The CSFs Methodology and Modified DEA Approach to Construct a New Business Model to Evaluate Operational Performance of all International Tourist Hotels in Taiwan

The CSFs Methodology and Modified DEA Approach to Construct a New Business Model to Evaluate Operational Performance of all International Tourist Hotels in Taiwan

Chieh-Heng Ko (Chung Hua University, Taiwan)
DOI: 10.4018/978-1-60960-129-4.ch003
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Abstract

This chapter evaluates the operational performance of International Tourist Hotels in Taiwan, and explores the critical success factors that contribute to good performance. This research initially adopted data envelopment analysis (DEA) to measure the relative operational efficiency of 57 international tourist hotels in Taiwan. However, the DEA approach can only determine relative operational efficiency but does not identify the factors that give rise to inefficiency or lead to efficiency. Furthermore, DEA only calls attention to those hotels in which efficiency and inefficiency exist, but cannot provide suggestions on how to improve operational efficiency. A qualitative approach is a good way to address this limitation of DEA. Thus, after using DEA to evaluate hotel’s operational efficiency, this research used a qualitative approach to further explore the critical success factors that contribute to hotels having good performance in Taiwan. Through determination of these factors, this research provides hotel managers with a list of advice and recommendations to develop effective strategies to meet a highly competitive environment.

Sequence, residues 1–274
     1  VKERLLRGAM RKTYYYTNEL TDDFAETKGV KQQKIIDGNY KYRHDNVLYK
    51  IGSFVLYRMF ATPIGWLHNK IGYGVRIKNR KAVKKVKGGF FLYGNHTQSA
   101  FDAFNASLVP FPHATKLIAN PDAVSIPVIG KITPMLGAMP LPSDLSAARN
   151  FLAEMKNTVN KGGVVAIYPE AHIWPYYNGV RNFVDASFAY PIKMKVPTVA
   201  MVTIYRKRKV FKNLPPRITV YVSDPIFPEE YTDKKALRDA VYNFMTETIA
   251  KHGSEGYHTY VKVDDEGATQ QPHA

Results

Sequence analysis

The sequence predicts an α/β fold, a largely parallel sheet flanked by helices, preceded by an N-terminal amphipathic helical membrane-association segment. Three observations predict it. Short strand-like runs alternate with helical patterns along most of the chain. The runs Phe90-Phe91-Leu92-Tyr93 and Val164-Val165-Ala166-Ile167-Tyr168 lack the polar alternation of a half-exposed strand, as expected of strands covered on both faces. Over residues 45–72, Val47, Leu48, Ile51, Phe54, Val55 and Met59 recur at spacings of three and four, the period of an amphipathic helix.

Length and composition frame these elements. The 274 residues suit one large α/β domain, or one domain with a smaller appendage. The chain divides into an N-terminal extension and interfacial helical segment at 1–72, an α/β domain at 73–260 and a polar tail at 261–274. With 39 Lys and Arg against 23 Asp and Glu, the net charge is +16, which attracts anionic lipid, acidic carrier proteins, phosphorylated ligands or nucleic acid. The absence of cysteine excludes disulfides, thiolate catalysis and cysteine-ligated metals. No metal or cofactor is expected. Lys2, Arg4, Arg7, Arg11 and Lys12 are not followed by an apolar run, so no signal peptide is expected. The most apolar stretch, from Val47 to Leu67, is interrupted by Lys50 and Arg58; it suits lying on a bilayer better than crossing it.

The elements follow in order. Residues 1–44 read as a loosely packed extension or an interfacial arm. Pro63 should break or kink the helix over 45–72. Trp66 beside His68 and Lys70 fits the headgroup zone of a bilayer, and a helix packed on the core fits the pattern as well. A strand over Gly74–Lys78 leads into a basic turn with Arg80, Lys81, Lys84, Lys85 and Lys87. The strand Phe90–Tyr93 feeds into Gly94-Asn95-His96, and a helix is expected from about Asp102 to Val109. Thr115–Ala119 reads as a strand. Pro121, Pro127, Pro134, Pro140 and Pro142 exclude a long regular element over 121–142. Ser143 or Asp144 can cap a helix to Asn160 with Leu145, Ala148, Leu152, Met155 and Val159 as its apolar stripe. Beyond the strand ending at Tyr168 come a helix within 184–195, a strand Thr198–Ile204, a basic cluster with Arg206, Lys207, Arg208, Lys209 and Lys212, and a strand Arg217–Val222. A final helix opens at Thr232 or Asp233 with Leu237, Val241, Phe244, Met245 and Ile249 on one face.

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Introduction

The hotel industry in Taiwan is encountering a highly competitive environment due to the rapid expansion of hotels. For example, the total number of international tourist hotels has increased from 44 in 1985 to 60 in 2005 (Taiwan Tourism Bureau, 2007). However, due to inappropriate hotel management (Sun & Lu, 2005; Hwang & Chang, 2003), eight international tourist hotels have closed down over the last six years. Average occupancy rate has decreased from 73% to 69% between 2005 and 2006 which is surprising given the surge in new demand entering the market.

Hwang and Chang (2003) noted that Taiwanese hotels have adopted two ways to respond to competition. First, by targeting international travelers and domestic tourists to increase the source of customers. Second, to join franchise-chains, outsourced management and acquired membership in international hotel associations to introduce international management systems and improve their managerial capacities. Even so, it has still been hard for these hotels to improve their performance. According to monthly report on international tourist hotel operations in Taiwan in 2006, the occupancy rate and average room rate of international hotels in 2006 were 69% and US$ 95 respectively, (Taiwan Tourism Bureau, 2007a). Compared with Hong Kong (87%, US$ 140) (Hong Kong Tourism Board, 2007), the occupancy rate and average room rate in Taiwan is much lower. Most of the hotel owners were not satisfied with this result. Furthermore, according to Taiwan Tourism Bureau, 43 hotels and approximately 12165 rooms have been scheduled to open between 2007 and 2010. This will make the hotel industry in Taiwan encounter a highly competitive environment.